Local News

  • Dumping infuriates Kingston leaders



    Officials from Kingston and the state were quick to track down the culprit in last month’s illegal dumping incident that fouled a stream from Peach Street to Watts Bar Lake.

    It turned out the white sludge material involved concrete byproducts dumped by a contractor doing work for Oak Ridge Utility District in the Buttermilk Road area.

    The dumped material ran about a mile downstream to the lake.


    The Taco Bell in Kingston had another new sign put up last week — but this time it had nothing to do with weather.

    Its message was straight to the point:

    Micaiah, Prom? -Noah

    The message was posted Wednesday for all to see as teenage traditions took form.

    Roane County High School junior Noah Cash asked his best friend Micaiah Allen, senior homeschool student, to prom in the most unique of ways.

    “I would do anything for her,” Cash said.

  • Harriman manager may be able to surplus items



    Harriman City Manager Kevin Helms may soon be able to follow through on a simple housekeeping task without going before Harriman City Council.

    The City Council voted on first reading of an ordinance last week that would give Helms the responsibility to surplus city personal property, with the sale of any single item estimated to have a value exceeding $1,000 to come first to the full Council.

  • County, cities pooling road resources, pending approval



    Roane County’s Road Department is making agreements with the county’s four cities to work together and share resources.

    Rockwood City Council approved the agreement at last month’s meeting, and Harriman City Council approved it this month.

    “It is something we should have been doing a long time ago,” said Rockwood Mayor Mike “Brillo” Miller.

  • County may put cap on funding for nonprofits



    Some officials want to see a cap on the amount of money Roane County donates to nonprofits.

    The County Commission’s budget committee voted unanimously to recommend a resolution to the full Commission that will limit the amount to $140,000 for the 2015-16 fiscal year.

    The commission is expected to consider the resolution at its Feb. 9 meeting, which starts at 7 p.m. at the courthouse in Kingston.

  • Harriman OKs Allison Rehn as city’s attorney



    Harriman selected attorney Allison Rehn to fill the city attorney post left vacant when Harold Balcom resigned last


    “I’m just thankful you’re interested in the position,” Harriman City Councilman Chris Ahler said.

    “We need to fill it, and you have great credentials.”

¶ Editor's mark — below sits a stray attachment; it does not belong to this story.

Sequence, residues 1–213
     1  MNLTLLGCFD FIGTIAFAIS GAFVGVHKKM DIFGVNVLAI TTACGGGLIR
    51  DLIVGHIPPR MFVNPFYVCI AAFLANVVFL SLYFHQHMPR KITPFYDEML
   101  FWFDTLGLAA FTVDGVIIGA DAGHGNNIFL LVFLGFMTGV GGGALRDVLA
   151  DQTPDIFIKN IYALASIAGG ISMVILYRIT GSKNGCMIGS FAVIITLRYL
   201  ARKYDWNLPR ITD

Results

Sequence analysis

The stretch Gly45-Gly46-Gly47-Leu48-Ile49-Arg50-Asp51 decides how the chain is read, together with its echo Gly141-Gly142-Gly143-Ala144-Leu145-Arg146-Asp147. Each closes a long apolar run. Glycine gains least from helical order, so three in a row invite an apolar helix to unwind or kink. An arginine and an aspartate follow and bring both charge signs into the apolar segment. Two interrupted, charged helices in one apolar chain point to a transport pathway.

Added Councilman Wayne Best, “I’m just glad we have somebody to call when we have a problem.”

  • Fire drives out residents

    Kingston firefighters fought a kitchen fire at Kingston Four Apartments Tuesday.

    “The fire originated on the left front eye of the stove,” said Fire Chief Willie Gordon.

    The occupant of that apartment is staying with her mother.

    The occupant of a second apartment which suffered water damage is also staying with family.

    Gordon said it will be a few weeks before the residents could return to those apartments.

    Gordon said Harriman Fire Department and Midtown Volunteer Fire Department also responded to the fire.

  • Tweaking beer laws gets complicated, officials find

    Deciding where beer can be sold is getting complicated, Kingston city officials are learning.

    City laws prohibit beer sales a certain distance from schools, churches and public gathering places.

    But because differing state laws govern the sale of hard liquor, a city business might be denied from selling beer near a such a facility, while liquor can be sold from even closer.

  • Buzz over ‘found’ 5 acres

    What once was lost has now been found. And it was right under their noses the whole time.

    Kingston officials recently added 5 acres to the city’s holdings.

    City Manager David Bolling said he just found out about the parcel a couple of days ago and is still trying to find out more about its history.

    The land, some of it wooded, is in the vicinity of Ladd Landing Boulevard and High Point Orchard Road and backs up to Interstate 40.

    It’s near Lawnville Road and the back side of the high-end Ladd Landing development.

  • Building inspection crunch taxes city

    Kingston’s fire chief went to the City Council workshop this week with an armload of blueprints for a new insurance office.

    “These are just for the retaining wall,” Willie Gordon lamented, rattling the big sheets of paper for the Farm Bureau insurance building going up at the corner of Kentucky and Spring streets.

    His point wasn’t lost on council members.

    Gordon has, since 2001, been wearing two occupational hats. Along with his fire chief duties, he also acts as the city’s building inspector.